In his new book, award-winning writer Tim Lilburn begins the process of “personal decolonization.”
HOW WOULD YOU ANSWER THE SEEMINGLY SIMPLE QUESTION: Where are you? Not the political construct of municipal boundaries or overlaid names from colonial mapmakers, but the land under your feet—where are you? How do you meet it, belong to it, and why does that matter?
Tim Lilburn has been wrestling with such questions in his writing, his classrooms, and his heart for decades. In his new book of essays, The Larger Conversation: Contemplation and Place (University of Alberta Press, October 2017), he continues his search by zoning in on the issue as it particularly confronts descendants of European settlers: How to be here and, as he writes, “What does justice ask of us?”
An award-winning poet, philosopher, creative writing teacher, editor, and former Jesuit and CUSO worker, Lilburn is an existential and intellectual explorer who keeps coming back to ideas of home. Born in Regina and attached to the landscapes of Saskatchewan—evident in poetry collections like Moosewood Sandhills and To the River—his transplantation to Victoria was difficult. He felt like he was bouncing off of things in unfamiliar territory. But no matter where he’s been in his life, his sense of being “unmoored” has rooted his research and thought as he walks the long interior path of trying to understand, and seeking nourishment to appease, a deep hunger and sense of loneliness for place.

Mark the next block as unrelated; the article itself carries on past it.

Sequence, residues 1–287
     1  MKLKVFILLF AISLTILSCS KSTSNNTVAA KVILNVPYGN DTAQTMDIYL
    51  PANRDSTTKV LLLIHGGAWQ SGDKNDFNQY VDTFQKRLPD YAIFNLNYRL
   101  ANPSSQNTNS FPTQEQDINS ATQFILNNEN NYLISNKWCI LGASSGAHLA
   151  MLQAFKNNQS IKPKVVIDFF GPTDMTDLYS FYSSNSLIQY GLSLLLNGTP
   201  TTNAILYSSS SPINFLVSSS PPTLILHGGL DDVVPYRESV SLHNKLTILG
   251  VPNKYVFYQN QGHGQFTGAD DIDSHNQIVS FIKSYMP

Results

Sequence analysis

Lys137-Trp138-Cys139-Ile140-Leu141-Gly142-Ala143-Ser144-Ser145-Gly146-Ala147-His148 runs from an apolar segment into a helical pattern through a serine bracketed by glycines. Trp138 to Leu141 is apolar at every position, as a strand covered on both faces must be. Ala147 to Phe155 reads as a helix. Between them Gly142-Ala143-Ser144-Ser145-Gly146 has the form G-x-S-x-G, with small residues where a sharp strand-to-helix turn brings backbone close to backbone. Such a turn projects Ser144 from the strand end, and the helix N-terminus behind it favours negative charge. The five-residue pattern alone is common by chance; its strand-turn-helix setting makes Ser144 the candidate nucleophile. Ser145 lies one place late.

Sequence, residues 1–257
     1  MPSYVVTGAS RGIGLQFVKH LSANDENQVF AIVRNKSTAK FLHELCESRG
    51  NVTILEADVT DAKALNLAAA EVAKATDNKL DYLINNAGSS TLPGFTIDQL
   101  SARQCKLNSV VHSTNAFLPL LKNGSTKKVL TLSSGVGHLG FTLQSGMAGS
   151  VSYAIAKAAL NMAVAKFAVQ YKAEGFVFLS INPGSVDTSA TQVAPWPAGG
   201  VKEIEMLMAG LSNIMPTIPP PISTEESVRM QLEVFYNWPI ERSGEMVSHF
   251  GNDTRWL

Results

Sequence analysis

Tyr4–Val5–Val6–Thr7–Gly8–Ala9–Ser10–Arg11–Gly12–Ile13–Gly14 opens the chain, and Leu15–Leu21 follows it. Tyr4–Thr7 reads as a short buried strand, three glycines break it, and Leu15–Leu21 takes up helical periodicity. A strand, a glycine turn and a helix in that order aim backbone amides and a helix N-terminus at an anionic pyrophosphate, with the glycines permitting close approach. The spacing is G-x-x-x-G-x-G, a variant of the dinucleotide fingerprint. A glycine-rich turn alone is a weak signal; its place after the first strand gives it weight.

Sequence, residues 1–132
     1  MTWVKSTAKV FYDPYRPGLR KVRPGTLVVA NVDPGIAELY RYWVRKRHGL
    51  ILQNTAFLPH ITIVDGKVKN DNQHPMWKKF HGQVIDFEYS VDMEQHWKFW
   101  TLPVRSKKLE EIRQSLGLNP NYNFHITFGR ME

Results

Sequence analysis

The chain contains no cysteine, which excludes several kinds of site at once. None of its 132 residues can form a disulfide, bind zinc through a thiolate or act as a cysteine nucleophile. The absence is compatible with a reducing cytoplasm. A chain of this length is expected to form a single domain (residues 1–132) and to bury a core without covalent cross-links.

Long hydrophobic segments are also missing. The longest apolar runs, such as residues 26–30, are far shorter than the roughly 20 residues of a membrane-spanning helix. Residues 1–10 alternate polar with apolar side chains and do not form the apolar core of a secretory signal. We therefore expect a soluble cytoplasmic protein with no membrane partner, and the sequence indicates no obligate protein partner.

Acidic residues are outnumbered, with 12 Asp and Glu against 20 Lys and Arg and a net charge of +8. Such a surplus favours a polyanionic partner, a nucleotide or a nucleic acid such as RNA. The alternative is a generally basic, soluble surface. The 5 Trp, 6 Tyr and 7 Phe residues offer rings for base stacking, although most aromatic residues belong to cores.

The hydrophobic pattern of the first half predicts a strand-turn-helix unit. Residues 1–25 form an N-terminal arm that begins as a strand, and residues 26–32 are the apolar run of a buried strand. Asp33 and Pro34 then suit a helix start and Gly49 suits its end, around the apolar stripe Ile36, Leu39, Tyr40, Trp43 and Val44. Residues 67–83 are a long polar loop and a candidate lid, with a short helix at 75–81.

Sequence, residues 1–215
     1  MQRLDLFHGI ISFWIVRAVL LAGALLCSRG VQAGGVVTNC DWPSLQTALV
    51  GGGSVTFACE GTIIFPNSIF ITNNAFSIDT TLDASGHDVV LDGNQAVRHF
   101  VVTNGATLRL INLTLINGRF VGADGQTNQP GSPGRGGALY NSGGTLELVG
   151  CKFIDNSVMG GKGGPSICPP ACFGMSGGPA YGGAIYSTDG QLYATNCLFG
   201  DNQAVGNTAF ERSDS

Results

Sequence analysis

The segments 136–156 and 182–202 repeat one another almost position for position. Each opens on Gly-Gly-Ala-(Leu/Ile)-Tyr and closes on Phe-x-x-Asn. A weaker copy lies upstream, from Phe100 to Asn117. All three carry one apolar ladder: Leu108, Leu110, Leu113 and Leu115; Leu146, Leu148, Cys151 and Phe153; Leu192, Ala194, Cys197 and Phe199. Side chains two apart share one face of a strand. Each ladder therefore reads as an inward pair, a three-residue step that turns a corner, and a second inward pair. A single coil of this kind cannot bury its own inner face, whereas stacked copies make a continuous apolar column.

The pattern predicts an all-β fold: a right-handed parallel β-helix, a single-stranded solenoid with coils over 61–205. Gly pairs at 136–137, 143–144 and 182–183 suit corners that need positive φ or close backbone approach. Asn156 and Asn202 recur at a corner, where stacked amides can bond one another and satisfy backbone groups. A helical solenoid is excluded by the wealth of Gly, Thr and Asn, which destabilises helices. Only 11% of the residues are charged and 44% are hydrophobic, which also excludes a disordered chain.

The Larger Conversation picks up threads from his two previous books of essays—Going Home (2008) and Living in the World as if It Were Home (1999). But this new volume adds Lilburn’s relatively recent insight into how his malaise, his feeling unsure of how to be at home where he is, is related to colonialism and the worldview that drives it. Therefore, as he writes in the introduction, “This book represents a ragged beginning at a personal attempt at decolonization” which aims to dig underneath the foundations of imperialist thinking. It’s a process he calls “psychic archaeology.” This personal renovation, he says, is necessary work.